What Does a Sports Medicine Physician Do?
Your primary care physician is your first stop for most of your health care needs, and they can refer you to any other types of providers who are better quallified to treat your ailments directly. But what if you are an athlete or a person who is very physically active? You might want to consider the expertise of a physician who specializes in treating patients like yourself — those who are on the move daily and whose bodies encounter more use than that of an inactive person. You might need a sports medicine physician. Your sports medicine physician serves as a specialized primary care doctor, for your active lifestyle needs.
What is a sports medicine physician?
Sports medicine physicians are doctors who specialize in treating athletes or very active people. They diagnose and treat injuries related to sports or physical activity. This type of doctor is primarily concerned with your athletic health and can create a treatment plan specific to your injuries for optimum recovery. A sports medicine physician can also give you advice on injury prevention, nutrition, lifestyle and ways to improve your overall health and fitness level. This type of doctor may be an allopathic or osteopathic physician.
Reasons to see a sports medicine physician
When your health impacts your sport, it's time to find a sports medicine physician. Your primary care doctor can help with individual ailments as they arise, but if you are committed to your active lifestyle, a doctor who specializes in high-level physical activity might be a better fit for you. Ways that a sports medicine physician can help you include:
- Diagnosing and treating injuries
- Help manage conditions, such as asthma, that interfere with your sport
- Offer advice regarding nutrition
- Help with the prevention of future injuries
- Provide instruction for increasing fitness
- Suggest lifestyle improvements relevant to physical activity
You don't have to be a competitive athlete to see a sports medicine physician. Other reasons to find this type of specialist include:
- Wanting to begin an exercise program
- Being a "weekend warrior"
- A job that requires fitness and athleticism
- Wanting to improve your overall health
- Sustaining an injury, such as a concussion, and wanting to resume exercise
What does a sports medicine physician do?
If you have an issue that's interfering with your athleticism or level of activity, sports medicine physicians can help. They assess the condition by discussing your symptoms and running tests such as blood work, bone scans or MRIs, if necessary.
Once your doctor has reviewed your test results, they will devise a plan of action for your particular concern, whether it be recovery from injury, prevention of a new injury or improvements to your overall fitness and function. This might involve nutritional adjustments, home exercise, physical therapy or even a referral to a different specialist.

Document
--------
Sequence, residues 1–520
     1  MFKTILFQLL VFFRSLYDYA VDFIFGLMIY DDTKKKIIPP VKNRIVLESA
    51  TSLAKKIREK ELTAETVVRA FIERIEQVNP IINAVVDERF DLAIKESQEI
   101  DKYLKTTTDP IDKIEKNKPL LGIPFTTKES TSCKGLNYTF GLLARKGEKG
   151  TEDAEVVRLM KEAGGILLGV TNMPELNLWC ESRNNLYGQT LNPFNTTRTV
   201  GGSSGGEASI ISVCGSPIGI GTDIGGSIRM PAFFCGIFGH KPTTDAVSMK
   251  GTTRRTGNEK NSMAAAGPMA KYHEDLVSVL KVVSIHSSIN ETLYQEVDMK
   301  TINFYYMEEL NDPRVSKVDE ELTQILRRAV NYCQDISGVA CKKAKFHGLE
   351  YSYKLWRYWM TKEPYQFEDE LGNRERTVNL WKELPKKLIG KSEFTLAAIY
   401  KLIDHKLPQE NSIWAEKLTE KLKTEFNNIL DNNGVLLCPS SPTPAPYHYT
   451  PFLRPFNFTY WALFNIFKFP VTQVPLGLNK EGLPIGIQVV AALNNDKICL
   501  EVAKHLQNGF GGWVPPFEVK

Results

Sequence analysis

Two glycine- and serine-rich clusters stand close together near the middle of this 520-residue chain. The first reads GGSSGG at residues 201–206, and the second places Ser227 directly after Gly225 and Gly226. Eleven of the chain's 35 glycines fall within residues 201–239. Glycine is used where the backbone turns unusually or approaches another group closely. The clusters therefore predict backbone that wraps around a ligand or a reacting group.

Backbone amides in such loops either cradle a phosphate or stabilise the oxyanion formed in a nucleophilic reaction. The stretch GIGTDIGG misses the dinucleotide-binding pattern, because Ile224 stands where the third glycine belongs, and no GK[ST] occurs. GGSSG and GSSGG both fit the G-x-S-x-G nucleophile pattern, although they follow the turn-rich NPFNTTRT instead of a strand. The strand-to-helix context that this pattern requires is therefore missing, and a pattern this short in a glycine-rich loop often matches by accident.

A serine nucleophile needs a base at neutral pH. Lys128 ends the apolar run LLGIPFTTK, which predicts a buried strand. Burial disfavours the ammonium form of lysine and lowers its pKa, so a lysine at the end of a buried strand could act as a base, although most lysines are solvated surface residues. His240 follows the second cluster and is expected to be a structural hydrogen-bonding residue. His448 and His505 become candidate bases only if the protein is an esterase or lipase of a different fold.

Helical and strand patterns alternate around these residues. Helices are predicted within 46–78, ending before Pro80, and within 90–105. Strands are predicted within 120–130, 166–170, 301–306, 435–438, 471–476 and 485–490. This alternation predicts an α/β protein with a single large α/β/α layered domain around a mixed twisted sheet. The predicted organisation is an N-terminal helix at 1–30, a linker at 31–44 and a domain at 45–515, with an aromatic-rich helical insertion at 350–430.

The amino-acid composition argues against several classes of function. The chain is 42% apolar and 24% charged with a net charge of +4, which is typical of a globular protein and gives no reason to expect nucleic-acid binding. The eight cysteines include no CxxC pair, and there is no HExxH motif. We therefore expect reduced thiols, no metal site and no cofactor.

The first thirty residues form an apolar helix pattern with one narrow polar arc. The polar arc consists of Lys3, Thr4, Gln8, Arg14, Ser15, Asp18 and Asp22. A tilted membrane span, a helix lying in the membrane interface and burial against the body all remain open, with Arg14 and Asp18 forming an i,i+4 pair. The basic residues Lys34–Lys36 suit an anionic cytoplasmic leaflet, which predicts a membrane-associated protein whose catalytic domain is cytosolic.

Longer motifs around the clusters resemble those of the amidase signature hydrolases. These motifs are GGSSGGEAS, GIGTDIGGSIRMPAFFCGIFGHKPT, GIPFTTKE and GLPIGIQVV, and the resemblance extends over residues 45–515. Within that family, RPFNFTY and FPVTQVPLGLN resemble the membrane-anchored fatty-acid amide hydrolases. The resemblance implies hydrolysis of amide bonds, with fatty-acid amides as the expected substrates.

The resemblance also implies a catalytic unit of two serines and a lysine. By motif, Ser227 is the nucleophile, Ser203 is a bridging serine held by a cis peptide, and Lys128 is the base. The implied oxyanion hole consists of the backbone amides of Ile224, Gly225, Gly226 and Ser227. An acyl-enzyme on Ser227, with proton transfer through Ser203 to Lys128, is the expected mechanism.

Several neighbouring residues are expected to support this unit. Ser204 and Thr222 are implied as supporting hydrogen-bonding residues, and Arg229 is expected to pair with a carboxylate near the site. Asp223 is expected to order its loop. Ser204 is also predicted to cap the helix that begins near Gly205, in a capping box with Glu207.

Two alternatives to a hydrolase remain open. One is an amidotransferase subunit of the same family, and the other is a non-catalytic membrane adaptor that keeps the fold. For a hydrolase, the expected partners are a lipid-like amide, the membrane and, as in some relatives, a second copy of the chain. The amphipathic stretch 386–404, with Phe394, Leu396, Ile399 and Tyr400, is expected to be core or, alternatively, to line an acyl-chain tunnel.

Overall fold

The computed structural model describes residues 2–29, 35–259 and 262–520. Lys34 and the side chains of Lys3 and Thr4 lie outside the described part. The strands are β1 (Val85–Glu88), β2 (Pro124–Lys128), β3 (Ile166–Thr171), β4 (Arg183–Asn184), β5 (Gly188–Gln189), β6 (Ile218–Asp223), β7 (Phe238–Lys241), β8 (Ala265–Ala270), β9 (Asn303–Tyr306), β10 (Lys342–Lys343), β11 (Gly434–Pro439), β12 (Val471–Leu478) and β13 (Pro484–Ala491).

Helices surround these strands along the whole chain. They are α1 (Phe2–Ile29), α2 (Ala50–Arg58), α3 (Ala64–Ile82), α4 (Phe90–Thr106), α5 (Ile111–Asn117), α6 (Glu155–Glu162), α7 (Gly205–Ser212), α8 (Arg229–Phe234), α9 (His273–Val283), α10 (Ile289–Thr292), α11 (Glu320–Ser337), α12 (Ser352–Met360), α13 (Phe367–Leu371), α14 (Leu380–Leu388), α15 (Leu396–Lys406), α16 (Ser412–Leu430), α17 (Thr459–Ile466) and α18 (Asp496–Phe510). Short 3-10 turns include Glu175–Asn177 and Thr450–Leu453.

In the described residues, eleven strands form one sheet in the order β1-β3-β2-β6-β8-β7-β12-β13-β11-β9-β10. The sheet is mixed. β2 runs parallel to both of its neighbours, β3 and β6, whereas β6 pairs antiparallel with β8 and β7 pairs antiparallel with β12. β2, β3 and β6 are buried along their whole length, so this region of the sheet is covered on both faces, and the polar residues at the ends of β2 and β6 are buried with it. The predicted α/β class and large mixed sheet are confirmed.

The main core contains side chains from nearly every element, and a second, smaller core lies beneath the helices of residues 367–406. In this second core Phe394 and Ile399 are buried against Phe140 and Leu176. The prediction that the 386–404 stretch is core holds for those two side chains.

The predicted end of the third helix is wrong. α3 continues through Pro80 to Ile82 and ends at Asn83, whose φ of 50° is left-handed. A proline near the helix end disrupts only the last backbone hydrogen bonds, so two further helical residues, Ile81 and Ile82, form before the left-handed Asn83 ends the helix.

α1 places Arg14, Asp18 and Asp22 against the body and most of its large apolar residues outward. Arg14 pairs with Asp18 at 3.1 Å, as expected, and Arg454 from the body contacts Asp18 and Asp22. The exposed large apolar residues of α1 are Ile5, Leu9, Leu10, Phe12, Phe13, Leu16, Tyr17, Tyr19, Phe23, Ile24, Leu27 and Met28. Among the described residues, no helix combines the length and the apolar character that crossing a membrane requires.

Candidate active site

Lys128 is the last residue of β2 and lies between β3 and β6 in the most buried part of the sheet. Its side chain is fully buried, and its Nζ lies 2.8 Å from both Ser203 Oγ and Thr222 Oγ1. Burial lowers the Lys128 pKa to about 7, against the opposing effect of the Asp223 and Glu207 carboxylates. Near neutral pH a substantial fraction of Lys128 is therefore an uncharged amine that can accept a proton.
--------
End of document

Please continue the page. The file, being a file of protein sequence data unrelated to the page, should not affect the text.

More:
How is a sports medicine physician certified?
A sports medicine physician has the same amount of training as any medical practitioner, with an additional 1-2 years of fellowship training in sports medicine. Because sports medicine is not a residency program, licensed medical school graduates who wish to become sports medicine physicians must first complete their residency doing something else, such as family medicine or internal medicine.
Once they have completed their residency, instead of starting a medical practice, they continue their training with a sports medicine fellowship. This extra training provides specialized expertise in the treatment of athletic injuries, often involving attendance at sporting events to provide medical support if needed. Sports medicine fellowship participants also receive additional training in exercise physiology, nutrition, cardiology and rehabilitation.
Referral and research
See your primary physician about your concerns, and ask about the sports medicine physicians in your area. You may need a referral, depending on the type of insurance you have.
Even if your doctor has recommendations, it's always good to do some independent research, such as online reviews from other patients. When you find a doctor you want to try, check with their office to ensure that your insurance covers the service. If for any reason you're not comfortable with the doctor you've met, continue looking until you find a specialist that is a good fit for you.
First meeting with your sports medicine physician
When you meet with your sports medicine physician, be prepared to provide information relating to your injury or sport. Some questions you may be asked include:
- How often do you participate in your activity?
- What is your intensity level?
- Do you compete and if so, how often?
- What is your history of injuries?
- Do you have any complicating health conditions such as diabetes or asthma?
It helps to come to your first appointment with a list of your own questions as well as any concerns that you may have. Keep a log of your symptoms and bring it to each appointment. Ask the doctor which symptoms to expect, which (if any) to be concerned by, and when and how quickly you can resume your activities.
Some people are afraid to see a sports medicine physician for fear that they'll be told they have to give up their sport. However, it's better to receive professional care and guidance than proceeding in an unsafe fashion. Don't ignore pain, swelling, range of motion loss or any other symptoms that seem out of the ordinary. The sooner you get professional help, the faster you will be on the road to recovery and back in action.
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